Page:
Is Fight Club better than Seven? Does Alien3 have any redeeming qualities? On the eve of The Girl With The Dragon Tattoo, we find out.
by Rick Paulas
David Fincher does not seem like a pleasant person to work with. His works exude such technical craftsmanship that his collaborators must be nervous wrecks throughout. But unlike most perfectionist filmmakers, Fincher's actually been working at a steady clip. And his track record — eight films in sixteen years, six of them great, four modern classics — is unparalleled among contemporary filmmakers. With his ninth feature, the Americanized remake of The Girl with the Dragon Tattoo, out this week, it's time to take a look at his brilliant career thus far.
9. The Curious Case of Benjamin Button (2008)
Upon its release, plenty of snarky Internet commenters compared Benjamin Button to Forrest Gump, and they had a point. Both films concerned the decades-long journeys of outcast white guys witnessing historical moments of the twentieth century as they try to get back to the love of their lives. The big difference was that Gump was actually decent. The only redeeming quality of this saccharine mess — in fact, possibly the only reason Fincher made the movie at all — is the neat CGI the director later used for The Social Network.
8. Alien3 (1992)
This disaster avoids the last position only because its failure isn't entirely Fincher's fault. Heavy rewrites, constant studio interference, shooting without a script; Fincher has said that his first feature was the most frustrating filmmaking experience he ever had. "The Assembly Cut," on the special-edition DVD, may be closer to Fincher's original vision, but while it's certainly better than the theatrical version, it's still far from the "hidden masterpiece" some fans claim it to be.
7. Panic Room (2002)
Panic Room is a puzzle movie where the puzzle is less about the plot than about the logistics of how Fincher got his dazzling shots. You can hear the wheels turning in Fincher's head as he figures out how to frame his tightly-woven claustrophobic thriller in the confined spaces of a New York City brownstone. For the most part, it works. But I've got to dock it a couple points for Jared Leto's stupid cornrows.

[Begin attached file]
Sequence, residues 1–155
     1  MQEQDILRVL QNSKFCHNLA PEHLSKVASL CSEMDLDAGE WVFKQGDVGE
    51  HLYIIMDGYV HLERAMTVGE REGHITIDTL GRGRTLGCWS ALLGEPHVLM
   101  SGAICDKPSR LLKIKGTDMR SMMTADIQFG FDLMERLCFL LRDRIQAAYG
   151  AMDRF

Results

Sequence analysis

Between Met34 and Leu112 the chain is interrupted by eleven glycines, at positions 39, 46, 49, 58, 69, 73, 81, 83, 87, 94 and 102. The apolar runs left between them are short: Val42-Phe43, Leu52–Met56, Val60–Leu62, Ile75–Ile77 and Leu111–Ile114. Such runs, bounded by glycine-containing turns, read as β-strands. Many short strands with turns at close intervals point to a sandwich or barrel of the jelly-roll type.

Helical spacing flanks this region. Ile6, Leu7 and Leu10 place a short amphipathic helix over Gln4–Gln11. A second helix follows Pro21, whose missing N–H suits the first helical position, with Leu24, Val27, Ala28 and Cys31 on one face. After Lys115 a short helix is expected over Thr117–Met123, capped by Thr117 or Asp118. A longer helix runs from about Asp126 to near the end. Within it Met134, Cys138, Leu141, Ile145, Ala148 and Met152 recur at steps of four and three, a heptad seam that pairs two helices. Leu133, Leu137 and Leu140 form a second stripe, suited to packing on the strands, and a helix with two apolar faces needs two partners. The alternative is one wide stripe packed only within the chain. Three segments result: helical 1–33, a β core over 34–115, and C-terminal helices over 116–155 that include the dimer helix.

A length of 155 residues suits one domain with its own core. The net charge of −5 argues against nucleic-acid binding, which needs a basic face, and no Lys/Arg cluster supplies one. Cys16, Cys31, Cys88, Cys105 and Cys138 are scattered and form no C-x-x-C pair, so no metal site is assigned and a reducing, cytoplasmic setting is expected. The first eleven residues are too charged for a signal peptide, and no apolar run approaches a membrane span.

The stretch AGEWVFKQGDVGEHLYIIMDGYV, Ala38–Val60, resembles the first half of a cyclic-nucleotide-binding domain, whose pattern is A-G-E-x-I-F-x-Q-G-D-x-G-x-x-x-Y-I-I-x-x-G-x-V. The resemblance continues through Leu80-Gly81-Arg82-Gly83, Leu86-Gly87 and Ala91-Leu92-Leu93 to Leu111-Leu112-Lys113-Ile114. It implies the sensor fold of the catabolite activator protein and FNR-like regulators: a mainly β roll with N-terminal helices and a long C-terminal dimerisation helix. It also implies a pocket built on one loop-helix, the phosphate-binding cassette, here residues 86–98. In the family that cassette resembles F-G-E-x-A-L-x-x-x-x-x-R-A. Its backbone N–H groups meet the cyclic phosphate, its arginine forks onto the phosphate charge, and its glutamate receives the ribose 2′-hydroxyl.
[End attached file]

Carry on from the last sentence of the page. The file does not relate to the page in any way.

6. The Girl With the Dragon Tattoo (2011)
Despite the unevenness of the source material, it makes sense for Fincher to tackle this adaptation: you have serial killings (Seven, Zodiac), puzzle-solving (The Game), and a whole bunch of tech (The Social Network, Panic Room). But the end result is merely adequate; it’s Zodiac, but without the existential uneasiness. It’s well done and worth seeing — if only for the droning Reznor/Ross score alone — but the original novels set a ceiling that Fincher can’t transcend.
5. The Game (1997)
A bit of a sleeper, The Game is one of those movies everyone forgets when you mention it by name, but then recall it as soon as you start with the phrase "Michael Douglas plays this game thing." This thriller succeeds, in part, because of Fincher's keen eye for upper-crust society. You've never seen wooden-paneled back rooms so beautifully lit. And while the ending may be a bit of a let-down for the nihilistic among us, anything else just wouldn't do.
4. The Social Network (2010)
Everyone was skeptical about how "the Facebook movie" could be worth seeing — mostly because it gave us an easy chance to be hypocritically snobby about social networking. But Fincher did the impossible here, making a story about a nerd creating a website actually compelling. The cast is perfect, and the Aaron Sorkin-written dialogue predictably crackles. Also, major points for the understated use of CGI in this film — how many of you, honestly, thought the Winklevoss twins were actually played by twin actors?
3. Fight Club (1999)
If impact on the zeitgeist were the only consideration, Fight Club would easily rank at the top of the list. What's so amazing is how prescient it looks twelve years later. Internet hacker collective Anonymous is basically a digital version of Project Mayhem. The recently-unleashed Bat Signal that projected Occupy Wall Street's message onto a skyscraper seemed like a Tyler Durden-ordered directive. The ending still doesn't make a whole lot of sense (Ed Norton shoots off a part of his face, so he kills Durden?), but that's just picking nits at this point.
The first "real" Fincher film (following the Alien3 debacle), this is as perfect a horror movie as you're going to find. The set design is top-notch, the script masterful, and the shocks genuine. One of the most nightmarish blockbusters ever made (can you believe a film featuring Leland Orser in a bladed dildo made over $300 million?), Seven also famously sticks the landing.
Of course, a filmmaker clearly prone to obsessive tendencies would make the greatest film about obsession ever. Some were put off by Zodiac because it's less about the pursuit of a serial killer and more about the toll of obsession on those pursuing him. For all its suspenseful scenes, Zodiac is more terrifying for its recurring time-marker subtitles; as the story stretches further and further into the lives of the characters, you begin to realize how deep their sickness goes.